While there is little data to quantify the problem, an economist with the U.S. Department of Agriculture’s Economic Research Service, has been digging into the issue and its consequences. Matthew Rabbitt said his recent research based on a survey sent to all soldiers at one installation found that one in three active duty soldiers are classified as “marginally food insecure,” meaning they reported any indications of food hardship among themselves and their family members. In addition, the second finding was that mental health is key to their long-term connection to the military and the well being of their families. “Given that we find service members’ mental health is associated with their food insecurity, addressing food insecurity may be one way to improve these outcomes,” he said, during the panel.
There are significant gaps in information, Rabbitt said. “We need to answer key questions,” he said. “What are the causes and the consequences of military food insecurity? We need to get better data and larger data sets to fully understand the consequences of food insecurity.”
Fewer military households getting SNAP?
One important question that needs to be addressed is the relationship between SNAP benefits and food insecurity in the military, Rabbitt said. There tend to be fewer military and veteran households in the SNAP population, in comparison to their civilian counterparts, he said.
The issue of military compensation is outside Barron’s bailiwick, but she said there are conversations in other areas of DoD about pay, and SNAP, and how families qualify for SNAP. DoD is looking at how SNAP currently works and whether adjustments could be made. But the research that’s just begun looking at food insecurity in the active duty community will hopefully provide good information. “The more we understand what our families are experiencing, the better we’ll be able to support them,” she said.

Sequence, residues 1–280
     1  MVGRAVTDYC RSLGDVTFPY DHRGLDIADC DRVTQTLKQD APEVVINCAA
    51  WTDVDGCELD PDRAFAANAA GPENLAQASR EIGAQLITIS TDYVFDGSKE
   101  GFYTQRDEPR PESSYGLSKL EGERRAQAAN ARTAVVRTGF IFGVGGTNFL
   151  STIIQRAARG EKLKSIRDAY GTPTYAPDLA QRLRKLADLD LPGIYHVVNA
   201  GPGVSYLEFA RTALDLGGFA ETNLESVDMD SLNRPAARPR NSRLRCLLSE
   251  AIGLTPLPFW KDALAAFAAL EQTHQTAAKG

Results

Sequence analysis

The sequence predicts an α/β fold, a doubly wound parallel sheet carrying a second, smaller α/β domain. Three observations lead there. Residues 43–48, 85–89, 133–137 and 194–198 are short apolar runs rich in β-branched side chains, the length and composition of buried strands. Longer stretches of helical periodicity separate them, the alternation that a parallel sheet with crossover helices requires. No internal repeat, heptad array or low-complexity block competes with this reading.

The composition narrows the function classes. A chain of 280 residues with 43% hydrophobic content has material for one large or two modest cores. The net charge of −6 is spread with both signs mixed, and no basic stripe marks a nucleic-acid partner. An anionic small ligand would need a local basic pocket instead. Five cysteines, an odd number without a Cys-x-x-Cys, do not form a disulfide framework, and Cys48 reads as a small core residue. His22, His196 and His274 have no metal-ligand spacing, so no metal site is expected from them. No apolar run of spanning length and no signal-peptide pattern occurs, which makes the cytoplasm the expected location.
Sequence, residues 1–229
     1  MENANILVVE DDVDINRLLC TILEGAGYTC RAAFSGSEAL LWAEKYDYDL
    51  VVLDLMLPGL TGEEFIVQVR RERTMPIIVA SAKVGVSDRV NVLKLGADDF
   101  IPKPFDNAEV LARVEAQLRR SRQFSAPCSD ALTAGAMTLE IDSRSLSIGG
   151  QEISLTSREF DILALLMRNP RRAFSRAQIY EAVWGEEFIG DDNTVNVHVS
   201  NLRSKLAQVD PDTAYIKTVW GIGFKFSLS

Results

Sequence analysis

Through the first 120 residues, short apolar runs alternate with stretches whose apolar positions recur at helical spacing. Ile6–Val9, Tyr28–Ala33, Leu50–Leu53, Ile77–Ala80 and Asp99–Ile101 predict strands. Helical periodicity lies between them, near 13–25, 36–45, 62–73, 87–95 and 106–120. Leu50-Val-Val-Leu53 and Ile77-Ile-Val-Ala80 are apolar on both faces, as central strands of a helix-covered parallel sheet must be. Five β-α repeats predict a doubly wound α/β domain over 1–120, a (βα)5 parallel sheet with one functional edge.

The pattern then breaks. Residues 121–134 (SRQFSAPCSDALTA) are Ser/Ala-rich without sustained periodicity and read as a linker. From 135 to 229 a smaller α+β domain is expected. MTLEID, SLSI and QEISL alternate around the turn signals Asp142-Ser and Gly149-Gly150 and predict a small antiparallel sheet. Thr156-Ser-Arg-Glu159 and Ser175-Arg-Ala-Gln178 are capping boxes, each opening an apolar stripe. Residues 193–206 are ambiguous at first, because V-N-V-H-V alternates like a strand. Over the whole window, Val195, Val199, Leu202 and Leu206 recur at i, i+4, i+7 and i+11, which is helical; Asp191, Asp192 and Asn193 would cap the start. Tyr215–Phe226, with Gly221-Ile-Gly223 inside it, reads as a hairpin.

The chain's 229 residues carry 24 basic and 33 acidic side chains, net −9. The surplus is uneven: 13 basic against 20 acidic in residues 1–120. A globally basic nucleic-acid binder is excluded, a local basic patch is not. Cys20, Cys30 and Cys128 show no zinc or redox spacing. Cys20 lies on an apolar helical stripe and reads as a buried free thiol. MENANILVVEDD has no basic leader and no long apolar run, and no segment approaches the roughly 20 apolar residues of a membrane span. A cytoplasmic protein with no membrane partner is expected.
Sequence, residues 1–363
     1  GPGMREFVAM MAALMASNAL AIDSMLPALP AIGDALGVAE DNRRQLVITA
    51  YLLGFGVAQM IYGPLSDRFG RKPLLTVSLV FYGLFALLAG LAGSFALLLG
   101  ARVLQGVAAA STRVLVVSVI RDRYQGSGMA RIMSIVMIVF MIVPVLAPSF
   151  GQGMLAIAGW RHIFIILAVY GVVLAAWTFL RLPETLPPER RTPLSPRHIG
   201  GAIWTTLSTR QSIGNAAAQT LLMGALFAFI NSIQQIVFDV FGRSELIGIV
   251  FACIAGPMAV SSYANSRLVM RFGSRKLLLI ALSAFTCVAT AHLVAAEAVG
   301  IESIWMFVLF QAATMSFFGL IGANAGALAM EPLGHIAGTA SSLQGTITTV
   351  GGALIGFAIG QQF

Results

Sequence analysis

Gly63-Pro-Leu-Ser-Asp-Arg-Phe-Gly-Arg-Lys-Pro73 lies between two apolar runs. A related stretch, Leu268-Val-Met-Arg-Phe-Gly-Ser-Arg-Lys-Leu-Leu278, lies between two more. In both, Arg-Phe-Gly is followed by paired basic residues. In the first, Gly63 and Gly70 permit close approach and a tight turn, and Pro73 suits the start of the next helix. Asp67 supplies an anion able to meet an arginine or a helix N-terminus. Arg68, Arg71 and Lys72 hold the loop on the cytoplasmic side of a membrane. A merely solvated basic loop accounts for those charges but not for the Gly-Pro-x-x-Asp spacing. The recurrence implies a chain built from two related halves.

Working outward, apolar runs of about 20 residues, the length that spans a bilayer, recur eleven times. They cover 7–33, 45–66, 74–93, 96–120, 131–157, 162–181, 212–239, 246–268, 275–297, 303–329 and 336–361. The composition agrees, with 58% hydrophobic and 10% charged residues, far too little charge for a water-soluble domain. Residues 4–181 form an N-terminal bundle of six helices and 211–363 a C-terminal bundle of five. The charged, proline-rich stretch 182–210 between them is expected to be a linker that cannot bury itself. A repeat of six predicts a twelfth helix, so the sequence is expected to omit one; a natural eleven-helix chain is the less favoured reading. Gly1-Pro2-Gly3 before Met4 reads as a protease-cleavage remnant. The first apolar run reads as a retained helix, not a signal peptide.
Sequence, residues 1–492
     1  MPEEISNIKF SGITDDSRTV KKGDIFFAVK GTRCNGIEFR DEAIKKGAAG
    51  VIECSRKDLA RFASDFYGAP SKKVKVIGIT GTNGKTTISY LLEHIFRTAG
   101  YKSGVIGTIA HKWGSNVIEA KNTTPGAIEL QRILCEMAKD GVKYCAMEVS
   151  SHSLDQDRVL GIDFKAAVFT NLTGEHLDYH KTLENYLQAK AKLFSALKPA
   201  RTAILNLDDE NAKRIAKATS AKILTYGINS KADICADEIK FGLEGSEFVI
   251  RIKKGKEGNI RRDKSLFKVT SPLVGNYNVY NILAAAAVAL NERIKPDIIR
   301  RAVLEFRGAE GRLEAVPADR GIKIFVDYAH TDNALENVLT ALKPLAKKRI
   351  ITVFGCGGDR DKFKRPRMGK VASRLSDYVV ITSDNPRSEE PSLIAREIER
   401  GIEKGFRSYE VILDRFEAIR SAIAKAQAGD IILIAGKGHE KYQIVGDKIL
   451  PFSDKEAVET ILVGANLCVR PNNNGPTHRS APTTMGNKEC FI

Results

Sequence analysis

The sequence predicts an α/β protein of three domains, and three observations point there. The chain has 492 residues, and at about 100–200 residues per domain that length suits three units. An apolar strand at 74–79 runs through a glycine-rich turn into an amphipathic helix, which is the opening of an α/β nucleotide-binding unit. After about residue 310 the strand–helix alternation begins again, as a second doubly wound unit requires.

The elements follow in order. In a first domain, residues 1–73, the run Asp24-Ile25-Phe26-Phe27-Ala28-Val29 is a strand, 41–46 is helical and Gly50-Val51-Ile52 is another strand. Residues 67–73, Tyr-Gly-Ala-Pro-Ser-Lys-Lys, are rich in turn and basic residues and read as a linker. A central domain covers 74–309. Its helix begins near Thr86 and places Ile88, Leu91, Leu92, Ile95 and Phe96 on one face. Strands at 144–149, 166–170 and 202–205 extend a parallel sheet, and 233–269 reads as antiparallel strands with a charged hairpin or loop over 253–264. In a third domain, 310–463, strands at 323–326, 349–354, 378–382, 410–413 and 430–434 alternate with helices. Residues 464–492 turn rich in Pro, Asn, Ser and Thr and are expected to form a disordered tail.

Barron noted that while young service members may be paid better than some of their civilian counterparts, “some young service members come in with families” — and more expenses.
While SNAP program benefits are tied to family size, military pay isn’t, noted Shelley Kimball, senior director of research and program evaluation for the Military Family Advisory Network. She said their research shows an increased frequency in military food insecurity among those with larger families. Her organization is conducting research on the causal factors of food insecurity in military families.
The Basic Allowance for Housing, and how it affects eligibility for SNAP benefits, is a frequent topic and long-standing problem. In their research, Kimball said, “we see military families say they are applying but not qualifying” for SNAP benefits.
MFAN’s research shows that military and veteran families “aren’t seeking assistance as much as we’d like them to,” for a variety of reasons, such as a perceived stigma, Kimball said. “Having this open dialogue that it’s an issue, and trying to lead families to support systems” is important, she said. Organizations can work together to make sure families get the food they need now, but also to provide the long-term support families need, she said.
DoD “is all in to make sure no military family goes hungry [and that no military family lacks] the proper nutrition at the table to do their very best,” Barron said.
Karen has covered military families, quality of life and consumer issues for Military Times for more than 30 years, and is co-author of a chapter on media coverage of military families in the book "A Battle Plan for Supporting Military Families." She previously worked for newspapers in Guam, Norfolk, Jacksonville, Fla., and Athens, Ga.